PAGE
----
Treated yellow dusting rags (or regular rags sprayed with dusting stuff) really are better at removing dust than old T-shirts. So are microfiber cloths. For inexpensive microfiber cloths, check out the auto detailing section of your local big box retailer. They're the same cloths as in the dusting section, but much cheaper. (Also, they wash well.)

#24 ::: SylvieG ::: (view all by) ::: April 20, 2009, 05:57 PM:

I once sealed up my books with kitty litter in plastic bags to get skunk smell out of the paper (long, bitter story). Worked like a charm.

#25 ::: Tom Recht ::: (view all by) ::: April 20, 2009, 06:17 PM:

I would click on the site in Teresa's post, but if “a celebration of personal cleaning experiences” is a representative sample of the prose it contains, I should probably buy some kitty litter first.

#26 ::: eric ::: (view all by) ::: April 20, 2009, 06:22 PM:

Jim, I think it's the sour and not the sugar. My wife gets somewhat hypoglycemic reactions and nausea from morning sickness, and it takes 1 or 2 glucose tablets quickly @ 15g sugar each to deal with the hypoglycemia, and one altoids sour slowly at 2/3g of sugar to do the nausea. It just doesn't seem like there's enough sugar in them to make that much of a difference.

But, They're pretty much coated with citric acid, so they're _sour_.

#27 ::: Bill ::: (view all by) ::: April 20, 2009, 06:24 PM:

I've always been under the impression that kitty litter was originally developed for cleaning up oil spills in garages, and was adapted from that for use with cats (which made it much more practical for apartment-dwellers to have cats, yay!), so the fact that garages find it useful for cleaning up oil spills shouldn't be surprising.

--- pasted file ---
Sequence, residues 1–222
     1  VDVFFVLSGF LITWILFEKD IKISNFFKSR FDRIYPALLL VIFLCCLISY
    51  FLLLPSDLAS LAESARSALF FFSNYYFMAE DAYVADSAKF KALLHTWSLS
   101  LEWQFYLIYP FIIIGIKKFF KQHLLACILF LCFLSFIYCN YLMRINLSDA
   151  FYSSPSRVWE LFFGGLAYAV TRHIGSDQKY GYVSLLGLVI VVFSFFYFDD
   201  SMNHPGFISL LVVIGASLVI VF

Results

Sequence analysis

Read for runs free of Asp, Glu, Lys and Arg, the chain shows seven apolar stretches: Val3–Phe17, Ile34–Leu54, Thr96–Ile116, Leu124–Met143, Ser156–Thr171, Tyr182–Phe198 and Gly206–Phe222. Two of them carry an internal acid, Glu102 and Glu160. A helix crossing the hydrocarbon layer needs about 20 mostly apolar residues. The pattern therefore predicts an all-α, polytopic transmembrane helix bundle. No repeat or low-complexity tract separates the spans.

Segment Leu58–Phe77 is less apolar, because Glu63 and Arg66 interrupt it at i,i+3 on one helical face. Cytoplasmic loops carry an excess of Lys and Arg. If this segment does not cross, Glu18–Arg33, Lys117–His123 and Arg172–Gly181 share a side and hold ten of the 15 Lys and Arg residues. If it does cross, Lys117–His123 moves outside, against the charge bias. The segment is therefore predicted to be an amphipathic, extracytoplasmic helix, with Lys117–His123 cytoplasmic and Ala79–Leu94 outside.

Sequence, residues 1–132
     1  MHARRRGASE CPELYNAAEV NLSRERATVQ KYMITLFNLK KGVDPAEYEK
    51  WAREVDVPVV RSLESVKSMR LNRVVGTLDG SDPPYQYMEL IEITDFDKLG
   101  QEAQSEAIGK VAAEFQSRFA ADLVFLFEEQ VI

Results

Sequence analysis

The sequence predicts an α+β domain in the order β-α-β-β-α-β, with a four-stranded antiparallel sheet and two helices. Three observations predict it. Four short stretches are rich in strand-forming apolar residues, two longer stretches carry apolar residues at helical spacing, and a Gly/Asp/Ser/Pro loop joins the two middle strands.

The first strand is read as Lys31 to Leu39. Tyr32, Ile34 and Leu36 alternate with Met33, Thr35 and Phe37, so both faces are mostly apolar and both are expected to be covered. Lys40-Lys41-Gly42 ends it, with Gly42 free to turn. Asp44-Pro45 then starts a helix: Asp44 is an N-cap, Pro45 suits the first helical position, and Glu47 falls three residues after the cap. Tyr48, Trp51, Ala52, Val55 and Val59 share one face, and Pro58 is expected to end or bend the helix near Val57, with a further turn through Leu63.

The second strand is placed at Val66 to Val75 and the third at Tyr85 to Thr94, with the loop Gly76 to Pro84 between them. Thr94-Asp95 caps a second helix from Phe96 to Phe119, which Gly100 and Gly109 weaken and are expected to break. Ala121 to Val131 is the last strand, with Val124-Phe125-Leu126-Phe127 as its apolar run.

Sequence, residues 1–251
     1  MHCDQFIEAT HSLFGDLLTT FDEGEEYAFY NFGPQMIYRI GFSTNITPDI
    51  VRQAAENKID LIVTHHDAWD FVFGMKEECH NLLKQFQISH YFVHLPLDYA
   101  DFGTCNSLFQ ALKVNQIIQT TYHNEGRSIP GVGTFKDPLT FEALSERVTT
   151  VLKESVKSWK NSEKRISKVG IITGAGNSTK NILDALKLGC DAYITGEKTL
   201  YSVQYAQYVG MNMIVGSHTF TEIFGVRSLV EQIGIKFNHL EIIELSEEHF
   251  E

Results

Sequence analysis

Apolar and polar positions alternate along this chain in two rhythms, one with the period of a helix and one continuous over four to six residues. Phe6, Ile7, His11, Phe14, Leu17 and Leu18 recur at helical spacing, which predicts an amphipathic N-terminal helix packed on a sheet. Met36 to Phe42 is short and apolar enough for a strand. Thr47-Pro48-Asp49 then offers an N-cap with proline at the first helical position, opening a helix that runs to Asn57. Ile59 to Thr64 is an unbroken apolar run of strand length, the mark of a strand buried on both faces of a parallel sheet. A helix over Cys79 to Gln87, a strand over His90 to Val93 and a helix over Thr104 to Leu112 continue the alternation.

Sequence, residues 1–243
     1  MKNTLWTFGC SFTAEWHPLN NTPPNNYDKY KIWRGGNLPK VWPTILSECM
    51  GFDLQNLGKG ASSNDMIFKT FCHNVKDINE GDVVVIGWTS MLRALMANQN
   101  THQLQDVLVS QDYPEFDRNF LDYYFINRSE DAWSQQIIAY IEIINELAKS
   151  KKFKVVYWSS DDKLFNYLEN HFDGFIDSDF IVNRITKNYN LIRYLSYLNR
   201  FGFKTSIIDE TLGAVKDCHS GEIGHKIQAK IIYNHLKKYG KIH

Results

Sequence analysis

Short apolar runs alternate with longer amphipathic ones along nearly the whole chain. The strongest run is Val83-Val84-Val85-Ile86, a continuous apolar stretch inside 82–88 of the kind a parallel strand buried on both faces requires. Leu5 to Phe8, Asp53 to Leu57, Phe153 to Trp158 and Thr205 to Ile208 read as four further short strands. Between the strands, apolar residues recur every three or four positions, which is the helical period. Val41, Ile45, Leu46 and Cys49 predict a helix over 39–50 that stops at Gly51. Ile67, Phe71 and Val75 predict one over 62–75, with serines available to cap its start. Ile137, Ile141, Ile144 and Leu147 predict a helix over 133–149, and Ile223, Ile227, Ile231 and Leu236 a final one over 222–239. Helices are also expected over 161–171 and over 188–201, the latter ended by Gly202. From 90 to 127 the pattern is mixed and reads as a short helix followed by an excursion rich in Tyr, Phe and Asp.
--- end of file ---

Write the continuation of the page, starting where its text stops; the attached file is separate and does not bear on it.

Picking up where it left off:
When I lived back east, it was convenient to have a bag of it in the trunk of my car - it can be helpful for getting unstuck from snow (a problem I no longer have.) It's also useful for saving the occasional midnight trip to the grocery store when you notice you're out of cat litter.

#28 ::: eric ::: (view all by) ::: April 20, 2009, 06:27 PM:

xeger -- We have one couch cushion that's somehow more attractive to cat fur than all the others (and it's not just that it's his favorite or anything, it just must be a different bolt of fabric).

My parents would be horrified but the best thing that we've found to defuzz it is reasonably new clean sneakers. My asics take it right off, where several varieties of defuzzing brushes, vacuums, and tape don't even come close.

#29 ::: Pendrift ::: (view all by) ::: April 20, 2009, 06:56 PM:

Ginger @9, JMD @17: I've always had problems with motion sickness, so when salivation kicked in after a long bus ride (and 3 minutes from destination) I started feeling increasingly desperate. I managed to stave off the vomiting long enough to get off the bus and to my surprise, the urge disappeared completely after a couple of deep breaths. No sour candies, though I may have had a strong mint. Not hypoglycemia either, since I had a sandwich an hour before the end of the trip.

xeger @19, for cat fur, I use a generic version of this rubber brush with built-in squeegee, and it works better than anything else I've tried.